29 June 2023

On-premise recovery: Czech brewers keep their fingers crossed

Czech Republic | It is after 9:30 pm in a restaurant above the Prague Castle and the waiter is getting anxious. It is past last orders, and he wants us to leave. From the outside terrace, we have listened to a few scattered voices – some Czech, some English. A subdued beer tour has walked by – followed by two groups from the Brewers Forum. As we amble down towards the river, our feet and voices echo through the empty porticoes of Mala Strana.

Something is not quite right. Yes – it is Monday, yes – it is early in the season, but business is definitely not back to pre-covid norms. Even if you are irritated by lager louts and stag tours, the eery evening quietness of Prague is a sign that hard times are not over for the local brewing industry – and there are signs that another storm is brewing.

Tourism on tap

Tourism is a big business in the Czech Republic. In the glory days of 2019, it contributed 2.9 percent to GDP and employed 240,000 people. Incoming foreign visitors brought in 57 percent of the sector’s revenue. In the years before covid, the traditional Easter-to-late-summer flood of visitors had grown to become a year-round phenomenon.

Tourism is also hugely important for the local breweries. Not only do thirsty visitors support overall beer consumption, they boost it in the critical high-value on-premise. And it is not just beer – it is the service sector with restaurants and chefs, hotels, and pensions. All of them took a massive hit during the covid shutdowns.

First covid, then inflation

While domestic beer consumption declined moderately during the pandemic, the place of consumption changed dramatically. The on-premise’s share of consumption plummeted to a quarter of all sales, way below the 50 percent level of the early 2000s. In an effort to help the struggling restaurant trade, in 2019, the government had lowered the value-added tax on draught beer and restaurant services to 10 percent, from 21 percent and 15 percent respectively. Functionally, however, it was a band-aid put on an ulcer.

As if the covid shutdowns were not enough, 2022 was the year of inflation. The Russian invasion of Ukraine set off a massive upheaval in the energy market – hitting both brewers and consumers. Household costs for energy went up by 45.2 percent between June 2021 and June 2022, according to the Czech Research Institute for Labour and Social Affairs. Food price increases followed a similar pattern, while an influx of Ukrainians (over 475,000 Ukrainian refugees had sought asylum by January 2023) has hit the housing market, increasing the demand and the price for small apartments.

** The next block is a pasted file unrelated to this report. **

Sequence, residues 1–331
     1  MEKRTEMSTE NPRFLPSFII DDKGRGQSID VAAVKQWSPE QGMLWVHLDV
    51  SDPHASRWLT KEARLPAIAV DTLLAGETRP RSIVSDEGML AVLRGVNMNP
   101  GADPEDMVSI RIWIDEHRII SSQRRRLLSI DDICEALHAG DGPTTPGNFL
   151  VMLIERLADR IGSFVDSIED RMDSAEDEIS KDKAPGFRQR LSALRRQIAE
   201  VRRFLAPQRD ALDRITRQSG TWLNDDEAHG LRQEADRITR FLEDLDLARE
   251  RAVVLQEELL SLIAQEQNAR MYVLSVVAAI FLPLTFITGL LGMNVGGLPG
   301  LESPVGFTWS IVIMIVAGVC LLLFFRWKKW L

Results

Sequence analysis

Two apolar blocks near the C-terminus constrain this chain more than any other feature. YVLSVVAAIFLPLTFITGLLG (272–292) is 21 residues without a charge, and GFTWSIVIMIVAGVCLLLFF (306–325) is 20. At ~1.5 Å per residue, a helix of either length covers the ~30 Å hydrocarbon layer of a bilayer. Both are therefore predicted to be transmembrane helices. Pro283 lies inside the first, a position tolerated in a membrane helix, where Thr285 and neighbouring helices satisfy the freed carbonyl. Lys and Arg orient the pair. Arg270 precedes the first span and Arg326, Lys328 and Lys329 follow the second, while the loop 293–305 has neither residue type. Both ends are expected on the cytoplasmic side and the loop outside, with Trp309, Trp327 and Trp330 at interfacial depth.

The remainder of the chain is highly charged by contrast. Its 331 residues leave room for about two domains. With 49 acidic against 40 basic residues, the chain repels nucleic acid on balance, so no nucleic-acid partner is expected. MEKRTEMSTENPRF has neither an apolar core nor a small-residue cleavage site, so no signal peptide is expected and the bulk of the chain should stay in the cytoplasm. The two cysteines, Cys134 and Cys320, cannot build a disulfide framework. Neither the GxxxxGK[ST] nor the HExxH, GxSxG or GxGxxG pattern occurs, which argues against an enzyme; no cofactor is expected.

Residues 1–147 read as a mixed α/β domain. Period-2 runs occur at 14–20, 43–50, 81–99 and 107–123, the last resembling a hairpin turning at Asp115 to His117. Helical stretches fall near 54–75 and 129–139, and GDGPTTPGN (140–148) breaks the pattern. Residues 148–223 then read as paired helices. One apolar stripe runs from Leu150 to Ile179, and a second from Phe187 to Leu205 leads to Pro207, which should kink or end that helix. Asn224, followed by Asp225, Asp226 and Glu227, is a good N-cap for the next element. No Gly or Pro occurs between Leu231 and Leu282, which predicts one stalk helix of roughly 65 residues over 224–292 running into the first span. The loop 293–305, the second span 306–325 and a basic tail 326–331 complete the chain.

“The increase in energy prices, fuel and other input costs has had a significant impact on us,” stated Zdeněk Kovář, spokesman for Asahi’s Pilsner Urquell. “Items which are used in gastronomy and which we provide to pubs have become far more expensive as well, e.g., tapping devices, cooling devices, beer tanks. We are talking of an increase of dozens of percent here. As for some glasses, even a hundred percent increase.”

Macro unhappiness at the microbrewery level

For the Czech Republic’s 507 microbreweries, covid and inflation have not been the greatest of friends. With microbreweries dependent on restaurants/pubs for an estimated 80 percent of their sales, the drop in on-premise business hit them especially hard. Then came a wave of inflation: “We are not happy at all with the increase in costs for electricity and raw materials,” said Tereza Melišová, spokeswoman for the 163 members of the Czech-Moravian Microbreweries Association. “Beer prices have increased between 15 and 20 percent over the past 12 months and have reached the ceiling of customers’ tolerance.”